Another big win of planning ahead? It’s always better to get the details ironed out way before.
Build the right team and triple check everything
This should seem like a no-brainer, but seriously, you need to assemble an A-Team. Don’t try to carry the load without proper support when event planning. You’ll burn out and go crazy. No matter if you need to ask the boss for help, to get an intern, or hire someone part-time, you’re not a superhero, even if the staff is temporary, utilize other people’s experience. When it comes to the actual event, there are a lot of short-term options available to make sure everything goes smoothly. Go over your ideas with colleagues and triple check everything. By letting outside folks check out what you’ve got planned, they might see something you missed.
Respect the budget
One thing that will come under the microscope when planning an event is the budget and even further the Return on Investment (ROI) of the event. Make sure you’re within what you’ve allotted, but also that you’ve found new ways to find sponsors or companies willing to take on part of the load. There are areas you can identify to trim down, or maybe tweak, but always be mindful of the bottom line. Otherwise, it might be your last event at that size and scale.
When it comes to people attending the event, you’re going to have to make smart moves that get potential visitors excited about attending. From a concert to a conference, these are a few things you’ll need to invest some time in because if you don’t the event could fall flat with low turnout and no one wants that.
Strategy + website
Don’t go cheap on this. This is the first people anyone interested in your event is going to look. Think of part collateral, part content and all first impression. Another point of view to keep in mind: if your website is terrible, the people attending the event might not take you as seriously as they probably should. Take the time to highlight stand out guests, travel packages, or just that there’s free parking. Arm the site visitors with all of the information they’ll need.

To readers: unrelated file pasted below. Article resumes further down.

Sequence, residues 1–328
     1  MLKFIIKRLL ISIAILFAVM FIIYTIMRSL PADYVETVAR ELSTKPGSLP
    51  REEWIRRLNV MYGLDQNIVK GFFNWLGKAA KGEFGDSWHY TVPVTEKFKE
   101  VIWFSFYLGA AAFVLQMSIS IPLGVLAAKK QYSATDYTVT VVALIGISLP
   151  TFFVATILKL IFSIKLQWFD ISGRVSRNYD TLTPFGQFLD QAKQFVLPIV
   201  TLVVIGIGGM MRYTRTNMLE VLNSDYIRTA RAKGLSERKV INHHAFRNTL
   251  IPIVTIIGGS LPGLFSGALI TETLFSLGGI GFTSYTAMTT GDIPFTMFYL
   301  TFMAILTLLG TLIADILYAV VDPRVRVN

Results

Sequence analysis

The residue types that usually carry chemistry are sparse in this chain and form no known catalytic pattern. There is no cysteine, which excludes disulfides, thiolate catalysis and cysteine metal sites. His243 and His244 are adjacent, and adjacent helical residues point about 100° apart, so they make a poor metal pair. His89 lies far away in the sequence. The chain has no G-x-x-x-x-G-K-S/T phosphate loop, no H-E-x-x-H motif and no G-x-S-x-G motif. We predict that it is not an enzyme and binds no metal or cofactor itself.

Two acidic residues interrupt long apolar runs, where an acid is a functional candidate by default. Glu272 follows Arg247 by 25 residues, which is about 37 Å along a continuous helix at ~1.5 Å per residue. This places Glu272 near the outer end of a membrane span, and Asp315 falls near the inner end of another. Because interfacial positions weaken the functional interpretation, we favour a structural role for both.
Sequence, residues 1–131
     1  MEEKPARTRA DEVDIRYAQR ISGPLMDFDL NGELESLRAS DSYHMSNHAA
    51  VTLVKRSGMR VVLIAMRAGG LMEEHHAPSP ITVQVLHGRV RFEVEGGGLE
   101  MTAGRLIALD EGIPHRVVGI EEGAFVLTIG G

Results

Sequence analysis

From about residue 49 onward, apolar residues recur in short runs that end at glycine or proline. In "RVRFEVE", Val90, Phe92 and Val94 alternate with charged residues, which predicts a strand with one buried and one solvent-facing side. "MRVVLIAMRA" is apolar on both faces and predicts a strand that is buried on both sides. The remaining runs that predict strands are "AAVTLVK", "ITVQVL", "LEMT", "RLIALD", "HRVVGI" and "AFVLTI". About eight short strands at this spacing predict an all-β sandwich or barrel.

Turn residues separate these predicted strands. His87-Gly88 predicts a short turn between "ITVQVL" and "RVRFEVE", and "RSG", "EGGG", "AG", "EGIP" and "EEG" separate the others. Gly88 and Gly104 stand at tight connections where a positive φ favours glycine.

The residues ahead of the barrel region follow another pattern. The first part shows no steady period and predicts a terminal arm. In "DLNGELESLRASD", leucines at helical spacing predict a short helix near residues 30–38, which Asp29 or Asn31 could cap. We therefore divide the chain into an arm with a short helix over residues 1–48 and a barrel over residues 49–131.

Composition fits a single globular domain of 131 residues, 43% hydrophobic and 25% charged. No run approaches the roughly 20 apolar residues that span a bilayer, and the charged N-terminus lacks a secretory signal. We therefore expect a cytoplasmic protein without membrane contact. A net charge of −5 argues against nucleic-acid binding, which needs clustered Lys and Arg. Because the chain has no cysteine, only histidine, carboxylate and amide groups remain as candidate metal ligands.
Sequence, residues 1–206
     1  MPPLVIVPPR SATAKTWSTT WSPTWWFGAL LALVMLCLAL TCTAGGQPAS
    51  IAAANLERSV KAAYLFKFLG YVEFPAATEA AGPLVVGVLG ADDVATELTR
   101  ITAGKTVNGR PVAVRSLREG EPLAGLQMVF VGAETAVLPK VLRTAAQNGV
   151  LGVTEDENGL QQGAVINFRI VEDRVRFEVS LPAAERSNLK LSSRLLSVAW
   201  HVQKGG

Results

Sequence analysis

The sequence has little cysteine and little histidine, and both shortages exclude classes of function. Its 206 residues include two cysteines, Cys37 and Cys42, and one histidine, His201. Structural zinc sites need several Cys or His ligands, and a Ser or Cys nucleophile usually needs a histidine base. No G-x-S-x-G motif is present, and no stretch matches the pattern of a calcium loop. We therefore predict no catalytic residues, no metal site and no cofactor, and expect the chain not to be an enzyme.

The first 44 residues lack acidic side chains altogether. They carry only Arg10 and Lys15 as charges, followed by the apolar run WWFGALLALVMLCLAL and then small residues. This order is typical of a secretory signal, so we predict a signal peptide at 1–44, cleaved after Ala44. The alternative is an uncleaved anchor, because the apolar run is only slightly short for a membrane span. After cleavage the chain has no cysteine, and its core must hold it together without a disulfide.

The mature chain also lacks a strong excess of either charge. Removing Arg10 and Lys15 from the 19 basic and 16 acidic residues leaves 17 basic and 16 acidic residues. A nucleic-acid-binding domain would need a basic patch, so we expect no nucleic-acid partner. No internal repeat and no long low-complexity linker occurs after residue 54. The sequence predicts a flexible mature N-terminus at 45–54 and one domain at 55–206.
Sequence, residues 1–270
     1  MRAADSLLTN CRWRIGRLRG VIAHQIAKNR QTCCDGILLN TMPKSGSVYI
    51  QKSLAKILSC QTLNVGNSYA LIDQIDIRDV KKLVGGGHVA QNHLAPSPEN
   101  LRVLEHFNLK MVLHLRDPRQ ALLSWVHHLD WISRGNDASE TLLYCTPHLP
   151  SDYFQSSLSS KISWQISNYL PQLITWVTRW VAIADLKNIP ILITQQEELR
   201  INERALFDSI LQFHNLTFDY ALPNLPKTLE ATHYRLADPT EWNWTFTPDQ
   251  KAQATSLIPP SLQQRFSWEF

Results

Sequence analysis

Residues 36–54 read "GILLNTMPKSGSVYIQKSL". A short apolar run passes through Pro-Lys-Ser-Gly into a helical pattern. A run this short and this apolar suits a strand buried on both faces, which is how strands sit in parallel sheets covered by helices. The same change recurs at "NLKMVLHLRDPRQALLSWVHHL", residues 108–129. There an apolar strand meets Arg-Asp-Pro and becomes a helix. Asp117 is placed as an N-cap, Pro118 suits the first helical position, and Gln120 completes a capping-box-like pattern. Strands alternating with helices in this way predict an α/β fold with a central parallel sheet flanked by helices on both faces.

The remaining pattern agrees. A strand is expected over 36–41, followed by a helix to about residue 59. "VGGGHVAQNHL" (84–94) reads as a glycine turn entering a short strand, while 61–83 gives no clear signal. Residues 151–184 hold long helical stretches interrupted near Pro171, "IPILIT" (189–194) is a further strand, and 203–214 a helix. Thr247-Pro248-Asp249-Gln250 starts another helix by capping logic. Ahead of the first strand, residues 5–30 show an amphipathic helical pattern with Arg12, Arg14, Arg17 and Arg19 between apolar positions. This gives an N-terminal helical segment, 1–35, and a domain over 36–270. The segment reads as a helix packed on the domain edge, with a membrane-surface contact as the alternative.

Once the site is live, think about supporting content you could create. Create some “behind-the-scenes” videos or write blogs about what’s coming up, or maybe highlight an artist who’ll be performing. Get people excited about the event with information, citing this is something they can’t miss.
Once you’ve created the content, you could create an email and social media campaign. Keep your audience engaged, send them emails, reminding them who’s playing or drop hints that there are a few planned surprises. This keeps the people on the fence interested and engaged by gradually nudging them to convert into actually attending the event.
Change up the marketing for the boss
If you’re planning a conference for professionals, there’s no harm in double dipping how you’re marketing the event. Why not create the general site and pitch that shows why someone would want to go: cool people, compelling content, etc. But then why not create a boiled down one-sheet for the boss that explains the ROI and reasons why their employee needs to attend? Zoomtopia even has a “convince your boss” letter for employees to send. Sneaky, yet brilliant.
Thinking about planning your next big event? Let us help. For everything else, check out the Adia blog where you’ll find content galore.